With a global release around the corner, here's everything you need to know about Black Widow.
Johansson's solo Marvel movie is out Wednesday, July 7 in Belgium, France, Hong Kong, Iceland, Indonesia, Ireland, Israel, Italy, Netherlands, South Korea, Sweden, and the UK.
It will open Thursday, July 8 in Argentina, Australia, Brazil, Czech Republic, Germany, Greece, Hungary, Japan, Malaysia, Mexico, New Zealand, the Philippines, Portugal, Russia, Saudia Arabia, Slovakia, Ukraine, and UAE.
Black Widow will release Friday, July 9 on Disney+ with Premier Access in most Disney+ markets. Premier Access for Black Widow will cost $30 or equivalent, in addition to your monthly Disney+ subscription fee.
On the same day, July 9, it will be available in cinemas in Bulgaria, Canada, Denmark, Finland, Lithuania, Poland, Singapore, Spain, Turkey, and USA. India was supposed to be a part of the rollout as well, but that's not happening as cinemas are closed nationwide due to COVID-19.
Black Widow is expected October 8 on Disney+ Hotstar, but that could change if and when it releases in Indian cinemas. When it does release, it will be available in English, Hindi, Tamil, Telugu, Malayalam, and Kannada.
The Marvel movie was supposed to originally release last May — April in India, in fact — but it was pushed indefinitely after the world went into lockdown last March. It was then moved to November 2020 shortly after, but then pushed to May 2021 in September.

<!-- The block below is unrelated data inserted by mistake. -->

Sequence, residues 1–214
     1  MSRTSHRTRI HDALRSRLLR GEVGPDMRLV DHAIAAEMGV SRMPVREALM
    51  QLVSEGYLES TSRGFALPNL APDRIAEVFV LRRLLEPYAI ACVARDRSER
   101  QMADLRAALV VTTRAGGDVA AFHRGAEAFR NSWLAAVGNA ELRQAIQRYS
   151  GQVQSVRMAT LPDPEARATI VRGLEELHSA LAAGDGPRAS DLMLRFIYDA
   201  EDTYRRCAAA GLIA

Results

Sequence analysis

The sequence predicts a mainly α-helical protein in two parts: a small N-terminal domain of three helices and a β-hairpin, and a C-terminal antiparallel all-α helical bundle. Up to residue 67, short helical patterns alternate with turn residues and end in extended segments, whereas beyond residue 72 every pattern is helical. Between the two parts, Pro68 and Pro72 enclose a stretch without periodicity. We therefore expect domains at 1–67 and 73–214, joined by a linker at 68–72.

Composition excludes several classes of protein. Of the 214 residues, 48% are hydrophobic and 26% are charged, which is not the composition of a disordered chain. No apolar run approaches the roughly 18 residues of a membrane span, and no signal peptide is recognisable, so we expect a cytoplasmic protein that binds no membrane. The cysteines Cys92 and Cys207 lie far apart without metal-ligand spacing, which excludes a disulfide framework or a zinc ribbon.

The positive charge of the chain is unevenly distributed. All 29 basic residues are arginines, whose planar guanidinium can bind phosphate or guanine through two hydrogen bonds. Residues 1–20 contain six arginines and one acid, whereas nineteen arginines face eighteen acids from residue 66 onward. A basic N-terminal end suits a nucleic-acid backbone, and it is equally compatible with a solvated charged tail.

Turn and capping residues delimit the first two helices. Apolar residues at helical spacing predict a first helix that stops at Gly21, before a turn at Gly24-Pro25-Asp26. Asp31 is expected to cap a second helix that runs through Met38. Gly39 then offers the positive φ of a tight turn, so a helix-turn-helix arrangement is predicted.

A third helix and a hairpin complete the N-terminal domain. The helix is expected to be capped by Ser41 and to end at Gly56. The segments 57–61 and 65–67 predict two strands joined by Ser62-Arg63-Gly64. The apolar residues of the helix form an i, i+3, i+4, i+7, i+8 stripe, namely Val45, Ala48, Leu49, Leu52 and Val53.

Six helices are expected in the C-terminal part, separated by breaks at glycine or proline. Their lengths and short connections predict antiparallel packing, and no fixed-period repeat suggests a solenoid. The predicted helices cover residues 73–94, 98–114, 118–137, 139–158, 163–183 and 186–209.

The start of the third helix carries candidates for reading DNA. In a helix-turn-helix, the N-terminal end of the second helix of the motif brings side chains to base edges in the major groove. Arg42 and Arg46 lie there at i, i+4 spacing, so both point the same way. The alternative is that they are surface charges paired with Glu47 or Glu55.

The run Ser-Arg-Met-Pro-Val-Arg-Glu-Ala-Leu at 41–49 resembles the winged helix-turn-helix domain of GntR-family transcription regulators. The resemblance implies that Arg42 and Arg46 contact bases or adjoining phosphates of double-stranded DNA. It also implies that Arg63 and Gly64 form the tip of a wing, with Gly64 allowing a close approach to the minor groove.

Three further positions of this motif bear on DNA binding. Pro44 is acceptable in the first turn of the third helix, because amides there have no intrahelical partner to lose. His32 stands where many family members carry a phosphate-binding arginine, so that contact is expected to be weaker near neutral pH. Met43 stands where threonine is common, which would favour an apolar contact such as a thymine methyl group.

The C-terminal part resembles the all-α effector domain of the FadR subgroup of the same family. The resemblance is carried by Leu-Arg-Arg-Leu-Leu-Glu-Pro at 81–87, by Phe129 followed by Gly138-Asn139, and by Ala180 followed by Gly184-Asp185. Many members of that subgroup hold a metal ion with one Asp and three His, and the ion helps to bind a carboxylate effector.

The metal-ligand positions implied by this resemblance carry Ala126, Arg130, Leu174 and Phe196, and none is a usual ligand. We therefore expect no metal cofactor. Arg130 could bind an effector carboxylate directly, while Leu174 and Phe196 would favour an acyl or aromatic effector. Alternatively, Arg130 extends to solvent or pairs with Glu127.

Finally, this March, Marvel delayed its next movie a couple of months more to its current July 9 release date.
Naturally, Johansson is in the lead for the movie named after her character. Ever Anderson plays a young Natasha. Of getting to explore new avenues with Black Widow, Johansson said: “When you see Natasha in the Marvel Cinematic Universe, she's often this kind of impenetrable force. She's reckless and out of control but still has this amazing intellect. What are her secrets? Her vulnerabilities? I am excited to share her fragility and her strength. She is in a male world, and she projects a certain way of being in that world. What we wanted to do is find out who is the real Black Widow.”
Johansson is joined by the aforementioned Pugh (Lady Macbeth, Little Women) as the deuteragonist who will take up the Black Widow mantle going forward in the MCU. Violet McGraw plays a young Yelena. Pugh said of her character: “Yelena is hurt and complicated and acts out. One of the coolest things about playing Yelena is just how complex and broken she is for someone who is so sure of what she does. She knows exactly how to function in the areas in which she's been trained, but she has no clue how to live as a human being. She's a lethal weapon but also a bit of a kid. That's been one of the nicest qualities about her.”
They are joined by Rachel Weisz (The Favourite) playing Natasha and Yelena's mother-figure, Melina Vostokoff, who's been through the Red Room's Widow programme four times. Having returned from her spy work in the US, she's now one of Red Room's lead scientists. Weisz said: “She was recruited when she was very young. She became a Russian spy and was planted with Alexei and two very young children in America pretending to be a suburban family with a white picket fence. I think Melina was a lot happier in those years. I think her heart really hardened after that. She became maybe a little bitter.”